More and more, it seems the National Basketball Association's best hope against the Bullets is that Dick Motta's guys miss the instructions on the blackboard, "WAKE-UP, 6:45 a.m.," trainer John Lally wrote after tonight's 112-108 victory over the Milwaukee Bucks.

If Elvin Hayes, Bobby Dandridge and Kevin Grevey oversleep the up-with-dawn call and can't get home for Wednesday night's game against Boston, maybe-just maybe-the Celtics will have a shot against the world champions, who tonight won without Wes Unseld and Tom Henderson.

Unseld has bronchitis and Henderson a strained knee. They didn't eve make this trip. Yet the Bullets seemed omnipotent. Once ahead by 13 points, later down by 11 to a Milwaukee team inspired by its 32nd sellout of a mediocre year, the Bullets made up an eight-point deficit in the fourth quarter.

They did it with Grevey, back in the starting lineup for the first time in nine games, scoring 10 points in the last period; with Dandridge, playing Mr. Inside to Grevey's Outside, getting another 10, and Hayes, Mr. everywhere, adding nine.

Hayes wound up with 29 points and 15 rebounds in a 46-minute night of work. That may sound spectacular but is, in fact, the recent norm for the astonishing veteran striving for the league's most valuable player award. Over the last dozen games, Hayes is averaging 25.3 points and 14.3 rebounds.

Grevey had 22 points on nine-of-18 shooting and showed no signs of the hamstring injuries that put him on the sidelines three weeks ago. After the game, his right thigh was wrapped tightly but, Grevey said, only as a precaution.

"It's just a little tight," he said.

The victory and Seattle's 106-102 loss to Portland tonight assured the Bullets of the home-court advantage throughout the playoffs. The full $50,000 bonus that goes to the team with the best regular-season record is only one Bullet victory or one Seattle loss away.

In the last 10 minutes of this game, the Bullets earned the victory with a precise offense and a defense that forced Milwaukee into ugly shots.

Dandridge, who made only two of his first 10 shots, had just eight points when Milwaukee owned a 91-86 lead early in the fourth quarter. By then, his opposite number for the Bucks, the gifted Marques Johnson, had 20.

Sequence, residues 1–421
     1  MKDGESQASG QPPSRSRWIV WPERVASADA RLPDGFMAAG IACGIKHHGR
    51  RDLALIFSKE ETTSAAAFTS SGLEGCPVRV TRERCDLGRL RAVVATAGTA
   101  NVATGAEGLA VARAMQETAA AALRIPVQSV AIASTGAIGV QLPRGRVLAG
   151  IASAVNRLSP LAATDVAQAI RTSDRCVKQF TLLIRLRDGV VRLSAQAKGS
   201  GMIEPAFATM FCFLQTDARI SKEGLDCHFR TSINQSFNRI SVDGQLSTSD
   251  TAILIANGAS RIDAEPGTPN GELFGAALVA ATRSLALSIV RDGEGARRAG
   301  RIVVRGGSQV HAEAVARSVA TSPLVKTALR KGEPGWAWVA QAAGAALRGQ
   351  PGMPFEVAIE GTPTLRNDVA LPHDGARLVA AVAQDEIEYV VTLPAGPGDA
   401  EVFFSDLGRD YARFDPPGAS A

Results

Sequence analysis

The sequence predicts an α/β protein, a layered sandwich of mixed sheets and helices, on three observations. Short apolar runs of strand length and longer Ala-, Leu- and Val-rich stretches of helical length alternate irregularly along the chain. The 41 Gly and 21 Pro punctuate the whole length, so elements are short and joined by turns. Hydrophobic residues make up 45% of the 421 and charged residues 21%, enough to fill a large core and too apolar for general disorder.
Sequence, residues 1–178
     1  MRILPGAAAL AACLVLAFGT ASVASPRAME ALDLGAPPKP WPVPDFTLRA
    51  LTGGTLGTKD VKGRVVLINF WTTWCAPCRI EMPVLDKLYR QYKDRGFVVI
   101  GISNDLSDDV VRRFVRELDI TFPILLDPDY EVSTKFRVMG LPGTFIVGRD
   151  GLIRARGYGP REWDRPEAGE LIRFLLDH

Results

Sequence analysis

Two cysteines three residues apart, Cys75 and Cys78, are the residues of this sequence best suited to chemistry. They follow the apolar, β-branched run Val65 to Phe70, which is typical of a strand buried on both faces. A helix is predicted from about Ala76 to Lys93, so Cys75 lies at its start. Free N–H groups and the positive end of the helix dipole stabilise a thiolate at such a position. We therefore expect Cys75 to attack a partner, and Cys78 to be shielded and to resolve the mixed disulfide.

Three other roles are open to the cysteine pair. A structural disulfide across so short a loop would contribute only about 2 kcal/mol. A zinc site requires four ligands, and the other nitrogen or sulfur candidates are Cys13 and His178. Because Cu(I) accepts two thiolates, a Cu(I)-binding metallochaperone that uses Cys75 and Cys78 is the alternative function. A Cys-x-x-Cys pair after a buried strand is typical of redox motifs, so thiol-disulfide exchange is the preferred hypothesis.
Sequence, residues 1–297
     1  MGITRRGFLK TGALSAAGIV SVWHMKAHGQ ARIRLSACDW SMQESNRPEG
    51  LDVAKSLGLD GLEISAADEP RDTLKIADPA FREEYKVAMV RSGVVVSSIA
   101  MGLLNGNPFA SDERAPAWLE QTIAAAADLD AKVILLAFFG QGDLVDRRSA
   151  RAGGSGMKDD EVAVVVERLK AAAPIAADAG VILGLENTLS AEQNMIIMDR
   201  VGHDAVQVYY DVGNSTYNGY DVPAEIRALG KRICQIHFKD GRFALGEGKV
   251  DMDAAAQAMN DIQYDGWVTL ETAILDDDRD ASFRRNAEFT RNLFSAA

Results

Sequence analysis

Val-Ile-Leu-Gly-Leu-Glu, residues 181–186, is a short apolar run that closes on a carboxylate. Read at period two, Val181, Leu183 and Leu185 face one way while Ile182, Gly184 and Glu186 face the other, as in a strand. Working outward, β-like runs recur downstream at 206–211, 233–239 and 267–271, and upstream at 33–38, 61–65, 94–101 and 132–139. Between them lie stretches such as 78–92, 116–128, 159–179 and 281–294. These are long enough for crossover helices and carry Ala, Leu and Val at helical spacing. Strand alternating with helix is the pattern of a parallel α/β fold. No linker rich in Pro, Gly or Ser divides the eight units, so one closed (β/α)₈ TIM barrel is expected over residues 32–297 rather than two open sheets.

Guard Brian Winters, firing from Lake Michigan, had 10 points and Johnson eight in a Buck splurge late in the second quarter and early in the third. In that spree, the Bucks out-scored Washington 34-12 and went from 11 points down to 11 up.

But at 91-86 it all changed. Motta went to his third-string center in the fourth quarter, bringing in rookie backup, Mitch Kupchak. While Kupchak can score-he had 13 points in 21 minutes-the Bullets' offense seems hopelessly perimeter-bound unless the center is setting picks and passing the ball, a la Unseld.

That, Corzine did.

Grevey and Dandridge did the rest.

The Bullets outscored Milwaukee, 14-2, in four minutes and three seconds, erasing that 91-86 deficit and going ahead to stay at 100-93.

Grevey scored three buckets in there, all 15-footers, and Dandridge had the other eight points-two coming on a nifty cross-under fast-break layup against Johnson's defense.

"I felt I could beat my man," said Grevey, who had scored 20 points in his first two games as a reserve after the latest hamstring pull. "And if I didn't have the shot, I gave it to Bobby down low. It was like a 1-2 punch and it became a chain reaction. We were executing our offense very well with Dave Corzine setting nice picks and getting us the ball."

Motta, now one victory into his second 500 as a professional coach, blamed himself for the club's erratic play in the first half.

"I used too many combinations," he said, speaking of his substitutions with the nine available men.

In the second half, Motta did not use guard Phil Chenier and forward Greg Ballard played only two minutes. That left the burden on seven men. Dandridge going all 24 minutes, Hayes working 22 and Grevey 20.

"It's a helluva tribute to the players," Motta said of the nine-man performance. "We stayed with the offense. We didn't panic. And we played defense about as good as we could play."

In other NBA action, George Gervin scored 46 points, 29 in the first half, to lead the San Antonio Spurs over the Cleveland Cavaliers, 116-112, in Richfield Ohio. In Chicago, Los Angeles rallied from a 27-point deficit behind Kenny Carr, who scored seven points in the final 3 1/2 minutes to help Los Angeles edge the Bulls, 97-95. The Lakers trailed by as many as 27 points in the game. Calvin Murphy's 29 points helped the Houston Rockets get by the Knicks, 116-115, in New York, Spencer Haywood and Gale Goodrich scored 26 points each to lead the New Orleans Jazz past Boston, 141-125, in New Orleans. Golden State turned back visiting Detroit, 104-100.